by Jim Nintzel
There are improvements that can be made in Arizona's tax structure that would enhance the prospects for long-term economic growth, which in turn could increase state revenues. But they would not do much to reduce the cyclical fluctuations in such revenues.
As I've written before, and will undoubtedly write many more times so long as the newspaper gives me this forum, there are no countercyclical tax sources. In an economic downturn, they all go down.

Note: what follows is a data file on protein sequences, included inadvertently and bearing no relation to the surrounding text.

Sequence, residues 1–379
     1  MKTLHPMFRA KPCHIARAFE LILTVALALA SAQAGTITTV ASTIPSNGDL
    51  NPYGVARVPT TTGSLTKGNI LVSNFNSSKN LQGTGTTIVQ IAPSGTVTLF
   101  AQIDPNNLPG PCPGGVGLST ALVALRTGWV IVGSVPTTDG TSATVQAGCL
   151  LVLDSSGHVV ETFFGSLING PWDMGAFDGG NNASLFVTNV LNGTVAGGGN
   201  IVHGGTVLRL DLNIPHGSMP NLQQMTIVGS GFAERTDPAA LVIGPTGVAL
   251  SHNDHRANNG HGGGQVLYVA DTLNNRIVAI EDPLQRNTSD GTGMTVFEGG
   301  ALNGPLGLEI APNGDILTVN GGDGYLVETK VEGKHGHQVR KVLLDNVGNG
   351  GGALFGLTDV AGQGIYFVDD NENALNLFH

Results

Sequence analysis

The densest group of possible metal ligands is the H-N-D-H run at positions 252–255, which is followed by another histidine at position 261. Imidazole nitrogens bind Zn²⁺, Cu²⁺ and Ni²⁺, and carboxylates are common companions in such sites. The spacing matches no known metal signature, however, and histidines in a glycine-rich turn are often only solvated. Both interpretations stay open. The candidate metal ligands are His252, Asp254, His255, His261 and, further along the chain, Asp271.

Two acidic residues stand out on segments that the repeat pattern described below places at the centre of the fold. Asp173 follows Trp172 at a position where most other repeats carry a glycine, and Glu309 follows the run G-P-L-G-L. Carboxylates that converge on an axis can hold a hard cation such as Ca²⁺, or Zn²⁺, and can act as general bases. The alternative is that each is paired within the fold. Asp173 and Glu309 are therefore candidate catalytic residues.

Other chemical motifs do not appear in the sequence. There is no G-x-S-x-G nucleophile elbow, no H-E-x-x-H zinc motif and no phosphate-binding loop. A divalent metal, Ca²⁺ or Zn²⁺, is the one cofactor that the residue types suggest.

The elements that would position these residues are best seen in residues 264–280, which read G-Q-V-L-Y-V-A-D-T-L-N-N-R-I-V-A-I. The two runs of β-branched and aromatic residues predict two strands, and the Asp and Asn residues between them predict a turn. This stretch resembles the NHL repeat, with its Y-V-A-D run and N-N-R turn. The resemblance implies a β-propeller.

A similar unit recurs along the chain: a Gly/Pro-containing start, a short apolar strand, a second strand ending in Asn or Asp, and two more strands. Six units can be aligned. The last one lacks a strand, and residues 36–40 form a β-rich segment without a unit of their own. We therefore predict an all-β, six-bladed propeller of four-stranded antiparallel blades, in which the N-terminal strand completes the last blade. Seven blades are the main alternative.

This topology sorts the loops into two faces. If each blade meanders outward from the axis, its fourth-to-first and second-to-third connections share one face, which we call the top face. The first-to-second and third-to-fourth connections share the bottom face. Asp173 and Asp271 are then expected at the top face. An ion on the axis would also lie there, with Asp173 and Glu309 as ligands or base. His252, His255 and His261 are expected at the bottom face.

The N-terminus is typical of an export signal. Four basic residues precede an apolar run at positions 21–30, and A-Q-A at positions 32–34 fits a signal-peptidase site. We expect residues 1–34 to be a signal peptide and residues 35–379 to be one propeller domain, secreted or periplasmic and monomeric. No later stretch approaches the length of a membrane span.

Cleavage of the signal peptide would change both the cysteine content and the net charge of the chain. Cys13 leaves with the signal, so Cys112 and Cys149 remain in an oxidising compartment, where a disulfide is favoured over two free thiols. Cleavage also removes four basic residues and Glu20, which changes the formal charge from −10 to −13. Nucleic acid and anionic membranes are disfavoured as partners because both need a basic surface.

There are no unicorns.
Robb is right, although the important part, to us, is changing the tax code to "enhance the prospects for long-term economic growth." We suspect he'd support different changes than we would, but the biggest problem remains: You need a two-thirds majority to increase fees and taxes, which seems politically impossible at the Capitol. And as a result, you have a tax code that's basically designed to follow a late-’80s economy. Does anyone not recognize that the economy has changed dramatically in the last two decades?